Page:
The huge illegal alien population present in the United States has a significant impact on the criminal justice system and on national security as well. While it is extremely difficult to provide a firm number as to the number of illegal aliens who are involved in serious criminal activities in the United States, I believe we can get a sense of the magnitude of the problem by considering some statistics I am familiar with. At present it is estimated that some 30% of the inmate population are identified as being foreign born. From 1988 until 1992 I was assigned as the INS representative to the Unified Intelligence Division of the DEA in New York. I conducted a study of DEA arrest statistics and found that nation-wide, some 30% of the defendants arrested by the DEA for crimes related to narcotics trafficking were identified as being foreign born, while in New York it was estimated that nearly 60% of the defendants apprehended by DEA were identified as foreign born. Those statistics remained constant for more than 5 years and the 30% figure back then is virtually the same today as it was then. A GAO report issued in April, 2005 found that in 2004, 27% of the federal inmate population is comprised of criminal aliens. That same report pegged the cost to the federal Bureau of Prisons for incarcerating criminal aliens at some 1.2 billion dollars. This same report found that on the local and state level for FY 2003, some 147,000 criminal aliens were in custody where SCAAP (State Criminal Alien Assistance Program) funds were provided to the local and state governments to help defray the cost of incarcerating these criminal aliens. This is not the total number of criminal aliens in state and local custody, however and the trend has been for these numbers to increase each year.

Additionally, there have been studies written showing a relationship between a wide variety of crimes that are committed to support terrorism. Drug trafficking in particular has come to be associated with this fund-raising objective but other crimes including mail fraud, arson and identity theft also help fill the coffers of terrorist organizations as well as organized crime groups. Often aliens who come to the United States fleeing not only the grinding poverty and perhaps tyrannical government in their home country, they are fleeing the criminal element of their home country. All too often, they are horrified to find that when they come to the United States, they learn that many of the criminals they are fleeing in their homelands have managed to come to our country, continuing the process of preying on these aliens who came here seeking the American Dream.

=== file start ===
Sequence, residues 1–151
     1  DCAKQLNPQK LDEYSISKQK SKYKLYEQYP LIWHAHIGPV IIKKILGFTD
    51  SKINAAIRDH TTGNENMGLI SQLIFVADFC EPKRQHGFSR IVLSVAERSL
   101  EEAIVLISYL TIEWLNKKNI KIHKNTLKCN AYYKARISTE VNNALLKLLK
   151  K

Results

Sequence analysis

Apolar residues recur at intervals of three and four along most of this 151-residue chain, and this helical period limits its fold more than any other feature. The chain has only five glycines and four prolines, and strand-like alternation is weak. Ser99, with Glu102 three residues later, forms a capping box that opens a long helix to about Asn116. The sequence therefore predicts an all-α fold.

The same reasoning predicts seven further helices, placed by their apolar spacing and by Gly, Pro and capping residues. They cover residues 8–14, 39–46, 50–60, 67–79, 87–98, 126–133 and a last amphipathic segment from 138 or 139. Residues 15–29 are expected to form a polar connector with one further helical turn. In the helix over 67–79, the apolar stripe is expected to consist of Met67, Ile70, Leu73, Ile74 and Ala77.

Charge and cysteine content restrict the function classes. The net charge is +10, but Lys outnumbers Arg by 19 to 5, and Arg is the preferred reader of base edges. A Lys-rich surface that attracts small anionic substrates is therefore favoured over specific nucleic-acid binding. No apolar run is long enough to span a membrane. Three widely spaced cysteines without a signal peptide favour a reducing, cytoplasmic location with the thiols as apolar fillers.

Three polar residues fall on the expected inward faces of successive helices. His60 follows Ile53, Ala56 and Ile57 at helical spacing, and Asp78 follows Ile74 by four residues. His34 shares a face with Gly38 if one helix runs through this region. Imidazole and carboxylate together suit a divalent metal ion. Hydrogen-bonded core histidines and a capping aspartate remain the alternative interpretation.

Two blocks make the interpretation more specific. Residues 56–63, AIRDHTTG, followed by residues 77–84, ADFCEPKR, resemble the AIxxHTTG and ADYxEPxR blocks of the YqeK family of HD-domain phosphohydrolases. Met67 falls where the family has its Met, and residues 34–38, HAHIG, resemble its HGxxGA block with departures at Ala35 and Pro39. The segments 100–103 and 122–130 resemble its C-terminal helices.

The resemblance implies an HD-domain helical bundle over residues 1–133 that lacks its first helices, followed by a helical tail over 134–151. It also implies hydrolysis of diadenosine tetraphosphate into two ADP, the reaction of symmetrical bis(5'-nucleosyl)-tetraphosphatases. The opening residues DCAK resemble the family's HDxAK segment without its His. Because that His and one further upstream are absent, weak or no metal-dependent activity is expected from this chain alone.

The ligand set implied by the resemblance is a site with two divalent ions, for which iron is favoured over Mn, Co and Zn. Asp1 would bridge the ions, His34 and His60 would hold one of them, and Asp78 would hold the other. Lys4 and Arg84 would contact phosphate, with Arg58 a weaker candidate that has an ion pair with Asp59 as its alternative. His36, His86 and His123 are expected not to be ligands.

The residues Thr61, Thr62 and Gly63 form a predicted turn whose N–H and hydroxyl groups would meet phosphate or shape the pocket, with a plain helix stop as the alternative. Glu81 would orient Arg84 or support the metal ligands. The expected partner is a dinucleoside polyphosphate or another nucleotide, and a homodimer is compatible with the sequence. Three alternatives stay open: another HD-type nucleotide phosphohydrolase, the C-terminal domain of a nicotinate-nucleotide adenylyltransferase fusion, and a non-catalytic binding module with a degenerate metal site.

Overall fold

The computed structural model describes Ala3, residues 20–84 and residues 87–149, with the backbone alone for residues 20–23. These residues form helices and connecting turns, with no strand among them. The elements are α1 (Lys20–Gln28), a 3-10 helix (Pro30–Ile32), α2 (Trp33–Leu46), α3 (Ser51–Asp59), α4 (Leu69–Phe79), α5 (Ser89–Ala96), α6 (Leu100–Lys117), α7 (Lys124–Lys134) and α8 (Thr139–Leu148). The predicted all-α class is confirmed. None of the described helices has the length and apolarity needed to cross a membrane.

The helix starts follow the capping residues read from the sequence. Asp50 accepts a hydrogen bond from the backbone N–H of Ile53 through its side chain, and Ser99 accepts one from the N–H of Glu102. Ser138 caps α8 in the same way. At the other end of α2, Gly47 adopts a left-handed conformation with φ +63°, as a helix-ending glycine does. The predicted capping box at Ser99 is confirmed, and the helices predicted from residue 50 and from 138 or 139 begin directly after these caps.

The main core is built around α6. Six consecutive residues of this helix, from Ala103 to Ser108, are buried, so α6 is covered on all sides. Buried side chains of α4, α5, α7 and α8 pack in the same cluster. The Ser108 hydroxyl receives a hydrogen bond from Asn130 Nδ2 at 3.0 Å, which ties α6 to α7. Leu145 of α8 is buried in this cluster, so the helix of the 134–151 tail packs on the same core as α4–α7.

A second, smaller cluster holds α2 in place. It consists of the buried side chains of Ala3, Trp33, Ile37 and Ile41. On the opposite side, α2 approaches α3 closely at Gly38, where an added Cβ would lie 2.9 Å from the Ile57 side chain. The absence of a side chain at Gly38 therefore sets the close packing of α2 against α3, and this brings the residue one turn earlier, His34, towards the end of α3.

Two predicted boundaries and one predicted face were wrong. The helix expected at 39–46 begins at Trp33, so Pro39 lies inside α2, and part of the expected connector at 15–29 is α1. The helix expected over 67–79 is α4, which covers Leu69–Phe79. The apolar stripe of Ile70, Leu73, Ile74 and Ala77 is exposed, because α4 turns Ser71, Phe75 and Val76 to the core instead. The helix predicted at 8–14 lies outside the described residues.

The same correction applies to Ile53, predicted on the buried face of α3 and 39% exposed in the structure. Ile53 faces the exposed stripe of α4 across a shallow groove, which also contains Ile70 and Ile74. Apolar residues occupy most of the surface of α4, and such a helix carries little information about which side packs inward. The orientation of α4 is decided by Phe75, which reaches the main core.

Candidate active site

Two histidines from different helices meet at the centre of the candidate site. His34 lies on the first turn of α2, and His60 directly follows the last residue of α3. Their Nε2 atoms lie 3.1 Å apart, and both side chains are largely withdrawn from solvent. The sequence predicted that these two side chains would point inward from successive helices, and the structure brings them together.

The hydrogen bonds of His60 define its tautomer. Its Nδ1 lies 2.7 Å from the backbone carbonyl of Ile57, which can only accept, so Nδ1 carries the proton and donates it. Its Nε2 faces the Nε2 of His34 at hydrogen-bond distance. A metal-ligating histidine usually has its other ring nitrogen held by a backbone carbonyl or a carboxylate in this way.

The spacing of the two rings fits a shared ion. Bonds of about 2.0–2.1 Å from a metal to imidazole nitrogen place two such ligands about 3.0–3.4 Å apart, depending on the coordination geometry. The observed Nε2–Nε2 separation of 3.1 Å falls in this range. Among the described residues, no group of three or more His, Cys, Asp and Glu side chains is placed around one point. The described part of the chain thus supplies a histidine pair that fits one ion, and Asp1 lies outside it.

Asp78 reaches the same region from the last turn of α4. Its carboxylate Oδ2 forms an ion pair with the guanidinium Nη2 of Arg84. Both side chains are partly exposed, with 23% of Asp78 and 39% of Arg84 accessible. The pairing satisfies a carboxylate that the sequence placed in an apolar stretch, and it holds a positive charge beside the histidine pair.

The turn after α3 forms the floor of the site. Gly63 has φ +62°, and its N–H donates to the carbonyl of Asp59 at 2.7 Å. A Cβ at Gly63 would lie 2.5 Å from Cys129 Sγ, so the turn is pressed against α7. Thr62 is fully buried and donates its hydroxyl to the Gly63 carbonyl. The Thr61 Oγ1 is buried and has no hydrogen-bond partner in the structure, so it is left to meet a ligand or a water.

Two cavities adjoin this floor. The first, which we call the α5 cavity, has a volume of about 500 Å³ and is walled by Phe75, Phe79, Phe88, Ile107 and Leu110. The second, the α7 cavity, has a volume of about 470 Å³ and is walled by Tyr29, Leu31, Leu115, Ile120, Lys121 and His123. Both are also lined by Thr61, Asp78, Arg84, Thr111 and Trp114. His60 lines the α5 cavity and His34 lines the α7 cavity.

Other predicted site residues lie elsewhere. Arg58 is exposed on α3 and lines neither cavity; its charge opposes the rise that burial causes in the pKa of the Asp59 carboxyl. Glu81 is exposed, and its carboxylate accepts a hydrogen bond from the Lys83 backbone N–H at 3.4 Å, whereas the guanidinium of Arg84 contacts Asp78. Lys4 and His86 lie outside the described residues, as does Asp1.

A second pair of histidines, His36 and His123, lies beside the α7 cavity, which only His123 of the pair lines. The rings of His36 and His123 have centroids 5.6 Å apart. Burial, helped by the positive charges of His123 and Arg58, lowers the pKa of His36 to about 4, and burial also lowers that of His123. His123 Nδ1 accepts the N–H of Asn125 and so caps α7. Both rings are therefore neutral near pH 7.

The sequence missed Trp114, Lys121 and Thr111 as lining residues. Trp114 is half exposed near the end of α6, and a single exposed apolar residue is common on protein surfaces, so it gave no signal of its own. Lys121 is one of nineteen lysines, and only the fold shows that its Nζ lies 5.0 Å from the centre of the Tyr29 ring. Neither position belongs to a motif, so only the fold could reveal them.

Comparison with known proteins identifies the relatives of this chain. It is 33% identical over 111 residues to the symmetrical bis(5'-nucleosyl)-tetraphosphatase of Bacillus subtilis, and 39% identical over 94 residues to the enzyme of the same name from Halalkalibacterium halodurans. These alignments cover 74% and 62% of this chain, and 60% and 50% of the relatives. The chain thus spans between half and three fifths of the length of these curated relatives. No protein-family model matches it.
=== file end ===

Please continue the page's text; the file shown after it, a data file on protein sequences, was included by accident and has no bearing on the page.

It is also worth considering that when you have a large illegal alien population, a series of businesses spring up in support of that population that is not only helpful to the illegal alien who is simply seeking to get a job in the United States to send money home, but to members of organized crime groups, violent gangs, drug trafficking organizations and terrorists. Among these enterprises are money remitters, private mail box services and fraudulent document vendors. It is also important to understand that in an effort to hide in plain sight, or embed themselves in our country, criminal aliens and terrorists often take relatively pedestrian jobs to help pay their day to day expenses and to provide themselves with an effective cover so that they do not call attention to themselves. In the parlance of intelligence, this is how sleeper cells operate. Someone once said that an effective spy is someone who would not attract the attention of a waitress at a greasy spoon diner. You could expand upon that statement and state that an effective terrorist is also someone who would not attract the attention of a waitress or waiter at a greasy spoon diner, and indeed, it might well be the waitress or waiter who is the terrorist.

That is why it is vital that ICE not only focus on seeking to find illegal aliens who are employed at supposedly high-value secure venues such as airports and nuclear power plants, but to also as a matter of routine, enforce the immigration laws on a random basis at all sorts of employment situations.

It is therefore of extreme importance that there be many more special agents employed by ICE who can carry out the missions that come within that agency's purview. To put it in perspective, it has been estimated that there are about 15 million to 20 million illegal aliens currently residing in the United States. There are a little more than 8 million residents who live in the City of New York, my home town. New York has been found to be the safest big city in America because we have a police department, the NYPD, whose 37,000 highly trained police officers patrol the streets of New York and conduct other activities consistent with law enforcement. Compare the number of cops in New York with the 3,000 ICE agents who cover the entire country.

Finally, I would also recommend that the previous practice followed by the former INS be reinstated where ICE special agents were required to successfully complete a Spanish language training program and, in fact expand such foreign language training to include strategic foreign languages. Simply stated, you cannot investigate individuals you are unable to communicate with.

I look forward to your questions.